Mar
15

Answering Girls’ Questions About Relational Aggression: Apologies, Part 2

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 Click Here to Read Part 1

“What do I do when I keep saying I’m sorry, but my friend won’t forgive me? Sometimes I don’t even know what I did wrong!”

In this article I explore the way some girls manipulate apologies by feigning hurt or sadness to control the girls who allow them to do so.

Females and Apologizing

 Females have a tendency to apologize too much.  When someone bumps into us, we are inclined to apologize for being in someone’s way.  If our kids forget to take their lunches to school, we apologize for not noticing as they raced through the door without their lunch boxes.  And if someone has hurt feelings, we rack our brains to figure out what we might have done to cause their pain.  Is it any wonder then that girls apologize to friends who hold them hostage through the manipulation of apologies?

It’s All About Connections

This is oh-so-common in girls’ world, so let’s look at it through the lens of connections.  The female brain seeks connections to others because of its organic hard wiring.  Let’s see how this plays out with elementary or junior high school girls.

A Typical Story

Girl A and Girl B are a part of a larger friendship group.  Girl A has been bossy and hurtful to Girl B.  Girl A’s intention is to separate herself from the person who causes her pain.

Girl B – I don’t want to be friends with you anymore.  You’re mean! 

Girl A (beginning to cry) –That’s not true!

Girl B – It is too!  (She walks away from Girl A).

Girl A begins crying harder.  The other girls in the group notice this.  They approach her and listen to her story about Girl B not wanting to be friends with her.  The group of girls approach Girl B and admonish her for hurting Girl A’s feelings.  Girl A returns to Girl B to apologize.

Analysis of the Situation

All of the girls in this scenario were motivated by their need for connections. 

Girl A wanted either to stay connected to Girl B or strengthen her connection with the group.  She cried to manipulate an outcome.  The crying could have been authentic due to upset feelings, but the outcome desired was a connection.  A girl who learns to use this powerful manipulation technique to her advantage often is able to get what she wants.  Unfortunately for her, however, she risks becoming unable to ask directly for what she needs.  Crying or blaming others lasts only as long as the group is unaware of her MO.  This girl eventually may only become capable of surface relationships, need to change friends or switch jobs frequently, or become a leader through the abuse of power at the expense of others.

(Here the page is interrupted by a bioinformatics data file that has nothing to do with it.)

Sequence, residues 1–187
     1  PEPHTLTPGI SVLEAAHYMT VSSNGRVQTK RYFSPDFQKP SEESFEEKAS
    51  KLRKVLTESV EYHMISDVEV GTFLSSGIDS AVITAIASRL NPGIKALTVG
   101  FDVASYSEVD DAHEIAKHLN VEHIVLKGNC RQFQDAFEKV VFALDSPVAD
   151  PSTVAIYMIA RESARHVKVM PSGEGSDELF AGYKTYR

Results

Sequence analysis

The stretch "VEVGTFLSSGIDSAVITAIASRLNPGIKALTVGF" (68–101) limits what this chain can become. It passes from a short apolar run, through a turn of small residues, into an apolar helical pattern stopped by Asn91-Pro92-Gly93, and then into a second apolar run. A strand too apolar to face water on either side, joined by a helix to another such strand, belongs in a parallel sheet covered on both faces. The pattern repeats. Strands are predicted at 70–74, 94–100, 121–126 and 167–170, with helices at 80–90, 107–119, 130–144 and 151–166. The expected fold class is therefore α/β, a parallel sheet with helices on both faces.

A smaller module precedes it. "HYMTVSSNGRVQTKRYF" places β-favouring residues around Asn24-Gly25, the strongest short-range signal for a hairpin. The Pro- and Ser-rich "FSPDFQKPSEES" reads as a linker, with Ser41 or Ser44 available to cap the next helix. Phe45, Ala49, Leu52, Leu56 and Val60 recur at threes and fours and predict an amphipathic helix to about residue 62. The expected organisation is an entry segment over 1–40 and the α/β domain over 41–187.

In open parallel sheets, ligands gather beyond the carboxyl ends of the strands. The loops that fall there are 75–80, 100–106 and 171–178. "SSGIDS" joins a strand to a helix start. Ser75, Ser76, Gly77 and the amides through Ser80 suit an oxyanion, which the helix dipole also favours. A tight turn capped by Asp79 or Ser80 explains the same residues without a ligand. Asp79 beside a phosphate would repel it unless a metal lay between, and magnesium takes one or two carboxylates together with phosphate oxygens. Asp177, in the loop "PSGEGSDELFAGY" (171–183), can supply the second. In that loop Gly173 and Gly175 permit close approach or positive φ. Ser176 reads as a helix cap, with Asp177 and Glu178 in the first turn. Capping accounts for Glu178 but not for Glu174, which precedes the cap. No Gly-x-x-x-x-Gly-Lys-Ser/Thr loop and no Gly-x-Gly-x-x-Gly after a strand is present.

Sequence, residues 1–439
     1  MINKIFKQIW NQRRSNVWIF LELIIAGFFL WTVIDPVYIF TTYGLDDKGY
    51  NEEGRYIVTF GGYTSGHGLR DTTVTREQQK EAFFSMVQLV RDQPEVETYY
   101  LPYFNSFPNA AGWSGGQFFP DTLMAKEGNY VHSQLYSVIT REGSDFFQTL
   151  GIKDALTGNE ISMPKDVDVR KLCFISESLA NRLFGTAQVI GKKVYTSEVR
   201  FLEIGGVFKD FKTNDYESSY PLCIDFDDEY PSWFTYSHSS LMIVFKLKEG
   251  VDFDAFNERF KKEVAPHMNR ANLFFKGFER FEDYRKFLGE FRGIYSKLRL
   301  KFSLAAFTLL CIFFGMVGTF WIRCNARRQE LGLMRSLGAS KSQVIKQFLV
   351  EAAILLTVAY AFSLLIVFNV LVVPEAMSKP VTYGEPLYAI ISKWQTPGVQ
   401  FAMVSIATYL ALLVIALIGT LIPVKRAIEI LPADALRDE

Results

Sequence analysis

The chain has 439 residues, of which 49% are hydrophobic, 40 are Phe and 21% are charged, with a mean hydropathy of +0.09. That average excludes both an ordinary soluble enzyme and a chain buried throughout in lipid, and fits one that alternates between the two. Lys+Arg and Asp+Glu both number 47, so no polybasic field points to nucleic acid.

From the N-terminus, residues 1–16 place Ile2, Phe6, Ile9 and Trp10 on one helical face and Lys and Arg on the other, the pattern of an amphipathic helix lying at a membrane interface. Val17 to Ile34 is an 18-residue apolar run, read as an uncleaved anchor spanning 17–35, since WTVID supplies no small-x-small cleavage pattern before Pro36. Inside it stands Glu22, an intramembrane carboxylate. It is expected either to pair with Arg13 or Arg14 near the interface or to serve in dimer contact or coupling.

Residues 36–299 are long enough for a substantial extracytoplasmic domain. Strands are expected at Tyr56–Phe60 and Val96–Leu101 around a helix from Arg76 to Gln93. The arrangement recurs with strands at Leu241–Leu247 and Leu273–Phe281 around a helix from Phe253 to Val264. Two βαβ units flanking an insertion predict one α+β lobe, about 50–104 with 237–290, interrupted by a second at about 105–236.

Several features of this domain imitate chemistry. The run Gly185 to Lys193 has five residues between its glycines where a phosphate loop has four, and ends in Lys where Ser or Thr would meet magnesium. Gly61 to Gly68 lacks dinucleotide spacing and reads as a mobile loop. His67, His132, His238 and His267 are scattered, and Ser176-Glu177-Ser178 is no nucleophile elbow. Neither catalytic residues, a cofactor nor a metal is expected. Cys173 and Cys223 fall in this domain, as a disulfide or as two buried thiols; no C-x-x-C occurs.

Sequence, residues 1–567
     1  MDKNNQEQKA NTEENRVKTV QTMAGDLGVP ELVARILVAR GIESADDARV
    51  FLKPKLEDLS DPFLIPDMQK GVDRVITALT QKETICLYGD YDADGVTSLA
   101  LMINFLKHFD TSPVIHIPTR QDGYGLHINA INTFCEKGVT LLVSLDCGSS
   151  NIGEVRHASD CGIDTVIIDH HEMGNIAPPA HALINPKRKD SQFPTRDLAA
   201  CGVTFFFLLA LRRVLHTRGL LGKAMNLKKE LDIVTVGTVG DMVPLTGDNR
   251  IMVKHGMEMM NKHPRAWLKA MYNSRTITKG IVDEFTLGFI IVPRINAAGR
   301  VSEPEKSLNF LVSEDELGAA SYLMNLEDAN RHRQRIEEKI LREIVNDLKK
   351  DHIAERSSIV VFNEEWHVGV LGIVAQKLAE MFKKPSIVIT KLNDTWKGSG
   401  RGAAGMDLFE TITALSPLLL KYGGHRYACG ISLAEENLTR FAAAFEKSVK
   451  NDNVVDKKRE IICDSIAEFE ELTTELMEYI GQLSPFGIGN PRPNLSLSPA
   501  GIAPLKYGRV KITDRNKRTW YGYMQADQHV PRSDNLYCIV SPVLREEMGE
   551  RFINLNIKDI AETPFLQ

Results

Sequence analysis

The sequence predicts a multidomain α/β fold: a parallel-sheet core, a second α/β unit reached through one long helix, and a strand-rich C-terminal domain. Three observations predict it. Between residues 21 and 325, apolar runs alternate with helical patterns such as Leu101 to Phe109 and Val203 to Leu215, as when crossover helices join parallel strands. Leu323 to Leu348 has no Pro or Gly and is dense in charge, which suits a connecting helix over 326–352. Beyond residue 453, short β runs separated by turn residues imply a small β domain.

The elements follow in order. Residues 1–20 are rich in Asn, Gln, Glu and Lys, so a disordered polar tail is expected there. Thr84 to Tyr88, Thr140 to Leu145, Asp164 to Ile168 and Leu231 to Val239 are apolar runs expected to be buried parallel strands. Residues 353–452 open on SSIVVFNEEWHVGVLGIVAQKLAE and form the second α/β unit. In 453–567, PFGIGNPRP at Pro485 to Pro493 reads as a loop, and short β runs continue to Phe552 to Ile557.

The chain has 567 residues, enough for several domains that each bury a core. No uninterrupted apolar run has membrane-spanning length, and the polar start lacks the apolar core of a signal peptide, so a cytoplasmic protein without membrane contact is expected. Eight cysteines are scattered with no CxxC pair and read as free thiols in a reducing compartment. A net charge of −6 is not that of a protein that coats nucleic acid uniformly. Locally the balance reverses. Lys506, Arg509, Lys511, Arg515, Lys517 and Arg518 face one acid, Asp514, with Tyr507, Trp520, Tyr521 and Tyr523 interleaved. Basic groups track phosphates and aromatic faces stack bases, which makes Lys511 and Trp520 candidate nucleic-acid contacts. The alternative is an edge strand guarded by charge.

Girl B wanted to disconnect from Girl A, but her desire for group connection was much stronger than her need to unhook from an undesirable relationship.  The ultimate hope for Girl B is to realize her needs won’t always be compatible with a group’s need for cohesiveness, and it’s OK to leave a group that is hurtful or unhealthy.  The best-case scenario for this girl is to come to understand that group membership needn’t supersede her need for health, safety, well-being, or happiness.  The worst outcome is that this girl will stay in abusive relationships.

The Group saw Girl B’s behavior – as explained by Girl A – as divisive.  It caused ripples in group cohesiveness.  Of course, if the girls had waited to listen to both sides of the story, the outcome may have been different.  The pressure to change or apologize could have been transferred to Girl A.  Groups usually tend to the greatest reaction first, though.  They act first and ask questions later.  Group cohesiveness at all costs creates a tendency to overlook and undervalue individuals’ needs.  This can lead to reality blindness and the loss of thinking for oneself.  Girls who only follow the crowd are, well, only followers.  Opportunities to become transformational leaders and creative thinkers become slimmer.

Back to the Question

 So, how can we help girls who keep apologizing even when they know there is nothing for which to apologize?  There’s a 1, 2, 3 answer.  Teach them to:

  1. Ask questions to learn the other person’s perspective.
  2. Honestly examine their behaviors to determine whether they own part of the problem.
  3. Trust their personal power guidance system, listen to their heart or gut and act accordingly, and own their behavior only.

 How Expensive is This Friendship?

Taking responsibility for someone’s hurt when you didn’t cause it doesn’t help anyone.  It’s a way to stay stuck for both parties involved.  Apologizing for a hurt you did not cause in order to keep a friend or group acceptance is very expensive.  It costs you your self-respect by holding you a prisoner of someone else’s wants and needs by sacrificing your own.  Please help the girls in your life to understand this.

© 2011 A Way Through, LLC 

WANT TO USE THIS ARTICLE IN YOUR EZINE OR WEB SITE? You can, as long as you include this complete blurb with it: Female friendship experts Jane Balvanz and Blair Wagner publish A Way Through, LLC’s Guiding Girls ezine. If you’re ready to guide girls in grades K – 8 through painful friendships, get your FREE mini audio workshop and ongoing tips now at www.AWayThrough.com

Comments

  1. Diane McCully says:

    Please continue to send these insights on girl relationships.
    thank you

  2. Jane Balvanz says:

    Diane,

    We absolutely will! Thank you!

    Jane

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